Five Steps to Enforcing Your Endpoint Security

Your security policy has to have teeth. Here's how to enforce your endpoint security policy.

The network perimeter is expanding, thanks to technology such as laptops, SSL, VPNs, and wireless access points. However, as useful as those tools are, they also increase the exposure to risk.

With these unprecedented access opportunities, PCs bring viruses, hackers, unpatched software, and unapproved applications into your network easily. Security incidents resulting from any of these threats cost time, money, and your company's reputation—not to mention your personal reputation as an IT professional.

Why is endpoint security posture frequently so poor, despite existing security investments such as antivirus and IDS, and corporate policies concerning patches or unapproved software? The truth is that the value of security policies and technologies is only theoretical if you can't ensure that they're enforced at all times.

To put it bluntly: security policy is all talk unless it has teeth—unless it can enforce compliance. Toothless is useless. Indeed, having a policy without enforcing it is worse than having no policy at all, as your false sense of security can make you complacent.

An Endpoint Policy Framework

The solution is to force compliance with policies as a condition for network access. In fact, that itself is your most fundamental policy. Here are four suggestions for constructing it:

  1. Policy: Only properly configured and secured PCs may access the network.
  2. Objective: Ensure confidentiality, availability, and integrity of endpoints and networks.
  3. Standard: The PC must pass configuration check before and during access.
  4. Guidelines: Leverage existing security and IT investments; maintain IT and end-user productivity.

Regarding the last point (about end-user productivity), keep in mind that remediation is as important as restriction. If you lock a user out, you've secured the network but caused a help-desk incident. You can't "just say no"—you still have to bring the user back into compliance so they can get back to work.

With this policy in place, network access is conditional on the secure state of the endpoint PC. Now you can move on to defining that secure state, and actually enforcing policy on your endpoints.

Steps to Endpoint Policy Enforcement

I suggest the following five steps to enforce your endpoint policy:

Step 1. Define the detailed policy. Define what endpoint integrity means for your enterprise. In other words, what specific policy elements do you need to enforce--that there's a functioning endpoint firewall? Up-to-date antivirus? Your initial objective is to reduce risk without IT impact. You don't need to make this definition perfect your first time out; it's an iterative process, as implied in step 5.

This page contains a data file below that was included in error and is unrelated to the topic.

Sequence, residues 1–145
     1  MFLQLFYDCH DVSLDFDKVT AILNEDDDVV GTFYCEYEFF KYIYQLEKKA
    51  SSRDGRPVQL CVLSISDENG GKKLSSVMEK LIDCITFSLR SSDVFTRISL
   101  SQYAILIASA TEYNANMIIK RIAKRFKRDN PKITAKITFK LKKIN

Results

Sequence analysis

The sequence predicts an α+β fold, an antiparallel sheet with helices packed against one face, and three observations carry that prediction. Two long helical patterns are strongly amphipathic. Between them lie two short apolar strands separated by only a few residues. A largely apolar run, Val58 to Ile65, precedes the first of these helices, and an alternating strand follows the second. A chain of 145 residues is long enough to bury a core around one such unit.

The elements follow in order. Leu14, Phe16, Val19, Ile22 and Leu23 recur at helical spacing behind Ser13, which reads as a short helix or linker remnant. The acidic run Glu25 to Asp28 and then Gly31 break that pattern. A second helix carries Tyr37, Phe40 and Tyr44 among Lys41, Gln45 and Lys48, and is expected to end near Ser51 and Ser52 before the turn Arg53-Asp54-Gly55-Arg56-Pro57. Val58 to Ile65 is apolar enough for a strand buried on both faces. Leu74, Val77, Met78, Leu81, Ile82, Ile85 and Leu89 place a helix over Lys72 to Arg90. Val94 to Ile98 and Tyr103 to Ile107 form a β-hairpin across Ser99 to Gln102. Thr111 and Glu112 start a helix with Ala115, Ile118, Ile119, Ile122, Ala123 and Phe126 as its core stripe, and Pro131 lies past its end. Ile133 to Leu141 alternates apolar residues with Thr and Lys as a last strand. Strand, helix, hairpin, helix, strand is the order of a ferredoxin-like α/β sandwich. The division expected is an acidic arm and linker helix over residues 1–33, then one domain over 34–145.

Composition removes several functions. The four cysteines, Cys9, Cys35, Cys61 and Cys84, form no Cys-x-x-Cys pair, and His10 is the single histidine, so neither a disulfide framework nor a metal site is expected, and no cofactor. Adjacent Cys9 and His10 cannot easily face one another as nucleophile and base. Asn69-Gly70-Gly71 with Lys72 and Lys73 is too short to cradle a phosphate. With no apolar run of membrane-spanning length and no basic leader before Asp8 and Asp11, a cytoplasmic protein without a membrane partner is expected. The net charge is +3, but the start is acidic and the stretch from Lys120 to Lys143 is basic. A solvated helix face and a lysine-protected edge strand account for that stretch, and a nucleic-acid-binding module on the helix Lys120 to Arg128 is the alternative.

Step 2. Select and deploy tools. You'll need to select and deploy a solution that ensures that any endpoint that accesses your network complies with this policy. The solution must have a presence on every endpoint PC so that it can accept a centrally defined security policy, check the PC for compliance with all policy elements, and quarantine out-of-compliance machines until they're brought back into full compliance.

Furthermore, you need a solution that can't be disabled by end users, even if they have local administrative privileges on their PCs.

Finally, choose technology that provides an installed agent and works as an "agentless" solution. For example, solutions exist that dynamically download and run an ActiveX control on any PC that accesses a private network via a Web connection (e.g., SSL VPN or Outlook Web interface). This protects your network from PCs you directly control as well as from guest PCs.

Step 3. Create access rules and implement the restriction mechanism. Whenever possible, leverage your network gateways to restrict access based on integration with your policy enforcement solution. Using a gateway as a chokepoint ensures that the enforcement agent itself is installed and operating. Choose a solution that uses a non-proprietary implementation of an open standard, like 802.1x, to integrate with switches and other network gateways, in order to avoid vendor lock-in.

Step 4. Establish the self-service remediation process. Provide self-service resources for your out-of-compliance users to get back in compliance quickly so they stay productive and don't burden your support staff. The remediation process must be very easy for users to handle on their own, and they need to understand what's happening during remediation so they don't call the help desk. Like your endpoint technology, your remediation solution must itself be secure and unable to be bypassed.

Step 5. Monitor compliance and adjust your policy. Use your tools to check employees' compliance. Is their access often barred due to prohibited applications? Is frequent non-compliance of your mobile sales force due to overly restrictive rules? Security policies evolve and change over time. You'll mandate updated versions of applications, and perhaps you'll allow certain groups greater leeway—say, remote sales engineers who can be trusted with greater responsibility for their PC security.

Whatever policies you create for your unique environment, at least they'll now have bite.

About the Author

Frederick Felman is Vice President of Marketing at Zone Labs and has more than 18 years experience in marketing software and services. During his time with Zone Labs, Mr. Felman launched several key products, helping to define Zone Labs' enterprise product, Zone Labs Integrity.